Women make stuffed animals for hospitalized kids

posted in: Blog, Featured, Stuffed animals | 0
Women make stuffed animals for hospitalized kids
Image credit: Flickr (CC) / Mandy Jouan

Stuffed animals can bring a lot of joy and comfort to children, especially in tough situations. This is why a group of women for years has been making toys especially for children in hospitals.

The women call their group the Toymakers, the Delaware State News reports. They are part of the Women’s Round Table Club of Wyoming-Camden. They meet 10 times a year to make stuffed animals which are donated to kids at Bayhealth Kent General Hospital.

The group does this since 1975. The women offer their stuffed animals to kids of all ages and no matter the reason why they are in the hospital. “Knowing that these toys are going to sick kids or kids that are scared in the hospital is a great feeling,” says Judy Remalia of Magnolia, a member of the Toymakers.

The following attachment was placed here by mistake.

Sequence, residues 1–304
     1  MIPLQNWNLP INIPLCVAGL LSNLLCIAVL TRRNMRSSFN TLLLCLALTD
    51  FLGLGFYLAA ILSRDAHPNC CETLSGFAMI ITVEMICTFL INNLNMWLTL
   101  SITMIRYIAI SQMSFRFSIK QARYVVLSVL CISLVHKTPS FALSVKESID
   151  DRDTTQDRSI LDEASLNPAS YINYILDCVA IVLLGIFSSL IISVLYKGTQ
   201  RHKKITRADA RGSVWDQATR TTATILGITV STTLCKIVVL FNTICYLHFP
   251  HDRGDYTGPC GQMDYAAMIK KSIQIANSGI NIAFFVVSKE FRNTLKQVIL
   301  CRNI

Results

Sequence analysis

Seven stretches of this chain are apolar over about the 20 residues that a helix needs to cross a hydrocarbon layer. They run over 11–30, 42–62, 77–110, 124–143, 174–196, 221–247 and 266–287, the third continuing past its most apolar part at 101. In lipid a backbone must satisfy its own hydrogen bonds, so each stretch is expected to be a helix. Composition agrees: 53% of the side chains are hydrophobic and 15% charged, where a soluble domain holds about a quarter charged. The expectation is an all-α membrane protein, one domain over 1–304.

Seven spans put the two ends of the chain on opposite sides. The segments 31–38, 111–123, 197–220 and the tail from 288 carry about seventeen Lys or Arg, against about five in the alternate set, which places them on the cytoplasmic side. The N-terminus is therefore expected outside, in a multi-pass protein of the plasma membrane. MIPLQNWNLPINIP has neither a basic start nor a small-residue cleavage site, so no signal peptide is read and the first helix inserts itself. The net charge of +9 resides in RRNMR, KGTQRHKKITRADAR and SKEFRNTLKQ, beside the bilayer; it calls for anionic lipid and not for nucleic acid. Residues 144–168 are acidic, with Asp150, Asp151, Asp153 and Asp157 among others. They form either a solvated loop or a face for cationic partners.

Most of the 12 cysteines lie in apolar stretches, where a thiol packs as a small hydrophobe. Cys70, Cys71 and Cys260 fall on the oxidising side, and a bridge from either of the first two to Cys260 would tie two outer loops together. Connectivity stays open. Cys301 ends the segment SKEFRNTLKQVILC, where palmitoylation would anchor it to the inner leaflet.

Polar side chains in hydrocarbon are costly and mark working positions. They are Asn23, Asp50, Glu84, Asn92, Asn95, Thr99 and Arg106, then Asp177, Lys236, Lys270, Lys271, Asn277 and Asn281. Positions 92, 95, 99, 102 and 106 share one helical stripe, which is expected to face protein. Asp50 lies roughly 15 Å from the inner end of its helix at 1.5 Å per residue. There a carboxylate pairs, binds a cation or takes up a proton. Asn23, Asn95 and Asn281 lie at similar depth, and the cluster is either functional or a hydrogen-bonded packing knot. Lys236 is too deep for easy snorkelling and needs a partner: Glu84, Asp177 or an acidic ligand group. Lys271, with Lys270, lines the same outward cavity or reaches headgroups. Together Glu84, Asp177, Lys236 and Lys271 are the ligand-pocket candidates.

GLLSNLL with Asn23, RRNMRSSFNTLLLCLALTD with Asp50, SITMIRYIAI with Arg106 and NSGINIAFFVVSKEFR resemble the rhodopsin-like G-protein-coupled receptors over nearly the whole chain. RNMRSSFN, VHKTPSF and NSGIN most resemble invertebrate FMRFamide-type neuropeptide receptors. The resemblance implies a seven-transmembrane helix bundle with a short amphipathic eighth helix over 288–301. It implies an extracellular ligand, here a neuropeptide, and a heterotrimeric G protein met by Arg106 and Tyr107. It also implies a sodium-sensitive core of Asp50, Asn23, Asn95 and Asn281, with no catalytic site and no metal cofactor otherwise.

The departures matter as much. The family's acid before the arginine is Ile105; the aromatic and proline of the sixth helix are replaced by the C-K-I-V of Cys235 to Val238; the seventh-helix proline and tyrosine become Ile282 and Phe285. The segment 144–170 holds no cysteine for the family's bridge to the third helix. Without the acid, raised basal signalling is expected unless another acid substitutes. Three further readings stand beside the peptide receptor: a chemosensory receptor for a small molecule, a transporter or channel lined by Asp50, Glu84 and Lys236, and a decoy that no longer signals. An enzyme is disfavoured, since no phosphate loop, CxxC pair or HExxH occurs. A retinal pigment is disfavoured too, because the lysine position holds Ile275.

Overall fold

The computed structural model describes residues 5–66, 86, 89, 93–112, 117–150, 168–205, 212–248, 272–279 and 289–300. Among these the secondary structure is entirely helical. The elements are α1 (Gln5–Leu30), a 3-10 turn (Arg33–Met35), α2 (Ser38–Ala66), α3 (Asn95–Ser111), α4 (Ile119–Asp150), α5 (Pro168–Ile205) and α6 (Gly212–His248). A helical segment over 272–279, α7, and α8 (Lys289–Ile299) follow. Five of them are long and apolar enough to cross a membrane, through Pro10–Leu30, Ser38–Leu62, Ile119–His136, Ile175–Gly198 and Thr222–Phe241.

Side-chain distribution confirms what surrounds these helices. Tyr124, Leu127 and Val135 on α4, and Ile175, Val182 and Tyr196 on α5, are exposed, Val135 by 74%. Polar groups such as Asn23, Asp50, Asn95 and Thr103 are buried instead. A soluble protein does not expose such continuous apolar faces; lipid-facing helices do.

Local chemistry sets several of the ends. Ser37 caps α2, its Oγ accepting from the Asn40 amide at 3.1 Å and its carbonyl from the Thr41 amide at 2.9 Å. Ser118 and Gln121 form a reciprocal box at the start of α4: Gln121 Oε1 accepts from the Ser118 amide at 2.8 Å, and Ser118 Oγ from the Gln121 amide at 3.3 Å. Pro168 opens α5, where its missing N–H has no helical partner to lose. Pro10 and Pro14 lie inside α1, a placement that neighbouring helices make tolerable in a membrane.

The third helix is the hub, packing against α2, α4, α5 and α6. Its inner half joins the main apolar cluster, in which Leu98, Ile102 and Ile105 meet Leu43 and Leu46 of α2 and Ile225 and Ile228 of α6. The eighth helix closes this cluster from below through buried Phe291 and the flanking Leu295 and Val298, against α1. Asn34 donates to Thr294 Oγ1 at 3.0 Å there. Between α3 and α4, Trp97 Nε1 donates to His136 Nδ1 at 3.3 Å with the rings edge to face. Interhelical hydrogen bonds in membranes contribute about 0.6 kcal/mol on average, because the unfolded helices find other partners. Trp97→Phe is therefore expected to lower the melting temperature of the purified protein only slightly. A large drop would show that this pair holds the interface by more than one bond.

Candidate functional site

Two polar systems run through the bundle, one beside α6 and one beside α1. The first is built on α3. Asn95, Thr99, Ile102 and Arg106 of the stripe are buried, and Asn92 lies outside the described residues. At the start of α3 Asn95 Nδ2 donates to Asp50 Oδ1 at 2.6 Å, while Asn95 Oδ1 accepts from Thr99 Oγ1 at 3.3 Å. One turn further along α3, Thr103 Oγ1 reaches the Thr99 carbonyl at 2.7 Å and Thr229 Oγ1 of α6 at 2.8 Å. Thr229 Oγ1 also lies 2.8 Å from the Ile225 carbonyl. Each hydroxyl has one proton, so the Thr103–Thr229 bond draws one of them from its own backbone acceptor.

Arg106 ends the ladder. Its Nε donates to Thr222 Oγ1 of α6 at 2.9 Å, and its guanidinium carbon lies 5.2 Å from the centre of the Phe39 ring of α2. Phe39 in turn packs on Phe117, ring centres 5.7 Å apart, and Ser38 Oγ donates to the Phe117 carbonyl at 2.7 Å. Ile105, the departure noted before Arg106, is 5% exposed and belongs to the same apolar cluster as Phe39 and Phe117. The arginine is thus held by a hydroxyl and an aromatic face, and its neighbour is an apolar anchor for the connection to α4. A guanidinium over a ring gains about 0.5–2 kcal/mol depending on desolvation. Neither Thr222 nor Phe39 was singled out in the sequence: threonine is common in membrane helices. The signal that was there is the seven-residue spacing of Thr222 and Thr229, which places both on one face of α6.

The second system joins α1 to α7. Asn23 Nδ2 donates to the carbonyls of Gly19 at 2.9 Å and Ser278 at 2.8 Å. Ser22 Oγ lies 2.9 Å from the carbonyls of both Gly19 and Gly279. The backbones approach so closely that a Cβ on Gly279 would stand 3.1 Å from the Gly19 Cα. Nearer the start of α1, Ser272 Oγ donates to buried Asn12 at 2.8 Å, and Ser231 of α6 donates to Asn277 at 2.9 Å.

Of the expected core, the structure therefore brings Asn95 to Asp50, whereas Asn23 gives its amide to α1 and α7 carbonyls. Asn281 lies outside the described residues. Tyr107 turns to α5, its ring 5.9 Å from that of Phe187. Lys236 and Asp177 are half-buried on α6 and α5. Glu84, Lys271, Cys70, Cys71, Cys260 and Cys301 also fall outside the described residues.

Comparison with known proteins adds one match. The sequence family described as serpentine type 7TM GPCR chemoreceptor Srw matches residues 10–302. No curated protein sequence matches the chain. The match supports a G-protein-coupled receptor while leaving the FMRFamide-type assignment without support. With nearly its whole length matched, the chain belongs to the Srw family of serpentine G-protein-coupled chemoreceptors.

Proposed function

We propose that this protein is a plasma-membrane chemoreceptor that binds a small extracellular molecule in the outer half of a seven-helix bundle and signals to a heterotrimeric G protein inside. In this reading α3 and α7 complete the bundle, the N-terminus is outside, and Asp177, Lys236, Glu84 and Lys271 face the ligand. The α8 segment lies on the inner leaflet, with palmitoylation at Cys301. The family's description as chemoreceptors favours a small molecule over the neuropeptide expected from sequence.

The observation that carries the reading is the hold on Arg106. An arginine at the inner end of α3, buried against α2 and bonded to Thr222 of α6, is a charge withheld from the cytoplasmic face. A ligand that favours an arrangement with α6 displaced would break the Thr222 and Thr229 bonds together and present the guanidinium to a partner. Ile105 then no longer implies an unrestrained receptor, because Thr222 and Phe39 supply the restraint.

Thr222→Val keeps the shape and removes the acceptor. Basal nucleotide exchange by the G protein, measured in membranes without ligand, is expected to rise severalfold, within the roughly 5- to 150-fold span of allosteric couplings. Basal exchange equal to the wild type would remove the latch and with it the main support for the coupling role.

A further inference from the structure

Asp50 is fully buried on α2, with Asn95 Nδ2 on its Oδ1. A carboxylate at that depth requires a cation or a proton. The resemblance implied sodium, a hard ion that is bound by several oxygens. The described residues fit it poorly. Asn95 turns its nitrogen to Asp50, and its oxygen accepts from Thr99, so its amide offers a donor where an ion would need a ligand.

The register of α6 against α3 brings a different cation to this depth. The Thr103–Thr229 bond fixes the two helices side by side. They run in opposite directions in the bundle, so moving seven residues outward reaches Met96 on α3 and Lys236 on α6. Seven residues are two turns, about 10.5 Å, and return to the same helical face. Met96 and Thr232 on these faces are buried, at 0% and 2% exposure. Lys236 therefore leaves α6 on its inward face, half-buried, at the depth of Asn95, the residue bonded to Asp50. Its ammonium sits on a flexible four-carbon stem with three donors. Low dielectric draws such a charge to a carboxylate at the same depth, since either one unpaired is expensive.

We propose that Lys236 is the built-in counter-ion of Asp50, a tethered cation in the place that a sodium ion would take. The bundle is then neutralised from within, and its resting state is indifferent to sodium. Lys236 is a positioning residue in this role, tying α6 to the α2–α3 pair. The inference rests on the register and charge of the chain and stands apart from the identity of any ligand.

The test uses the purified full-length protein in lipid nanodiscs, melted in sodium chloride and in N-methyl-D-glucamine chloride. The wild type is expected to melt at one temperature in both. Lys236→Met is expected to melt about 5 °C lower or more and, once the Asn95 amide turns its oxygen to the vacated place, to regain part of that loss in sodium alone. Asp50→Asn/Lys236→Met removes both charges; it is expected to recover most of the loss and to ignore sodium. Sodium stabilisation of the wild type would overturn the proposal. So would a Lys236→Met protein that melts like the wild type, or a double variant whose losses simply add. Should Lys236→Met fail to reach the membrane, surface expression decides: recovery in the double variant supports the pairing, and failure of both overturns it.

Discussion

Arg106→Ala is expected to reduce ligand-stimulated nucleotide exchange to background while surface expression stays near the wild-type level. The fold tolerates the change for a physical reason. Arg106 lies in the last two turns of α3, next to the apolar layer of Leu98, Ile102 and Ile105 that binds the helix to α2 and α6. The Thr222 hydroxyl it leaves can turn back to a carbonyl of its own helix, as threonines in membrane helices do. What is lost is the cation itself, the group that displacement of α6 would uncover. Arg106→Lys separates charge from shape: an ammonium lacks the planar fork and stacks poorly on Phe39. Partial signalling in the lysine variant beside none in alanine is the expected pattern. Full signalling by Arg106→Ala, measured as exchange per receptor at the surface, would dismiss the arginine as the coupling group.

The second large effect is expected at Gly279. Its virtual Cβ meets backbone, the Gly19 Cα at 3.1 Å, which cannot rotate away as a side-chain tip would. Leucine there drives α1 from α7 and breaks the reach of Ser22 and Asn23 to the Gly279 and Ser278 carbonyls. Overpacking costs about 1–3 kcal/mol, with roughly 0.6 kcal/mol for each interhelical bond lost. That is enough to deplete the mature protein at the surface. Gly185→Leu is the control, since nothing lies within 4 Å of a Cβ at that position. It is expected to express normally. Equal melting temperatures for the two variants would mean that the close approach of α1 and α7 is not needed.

The Toymakers create all kinds of stuffed animals. Usually they have themes for the fabric they use and the toys they create. Their last meeting was this September when then focused on creating mainly toys with a Halloween print and theme.

Over the past 40 years the group has created exactly 14 356 stuffed animals and all of then have been donated to children. How to the women know the exact number? The group keeps a detailed log of all meetings since its inception. In the log they keep info like what toys were made, how many and so on.

While work at home is allowed and done, most of the work is done during the meetings. Every participant has a specific role. “A few of the women here had never even sewn before joining, so they start with the basics like cutting patterns, stuffing the animals or stitching them closed after they’ve been stuffed,” says Edith Jarman, a participant since the 1970s.

While the exact number of members in the Toymakers varies, there are always about 15 women present at each meeting which is a monthly event. Most of them are retired, but there are young women, too. Nothing gets thrown out. The leftover fabric is used for other projects. The women volunteer at shelters for homeless, they host fundraisers for scholarships and help a lot of people.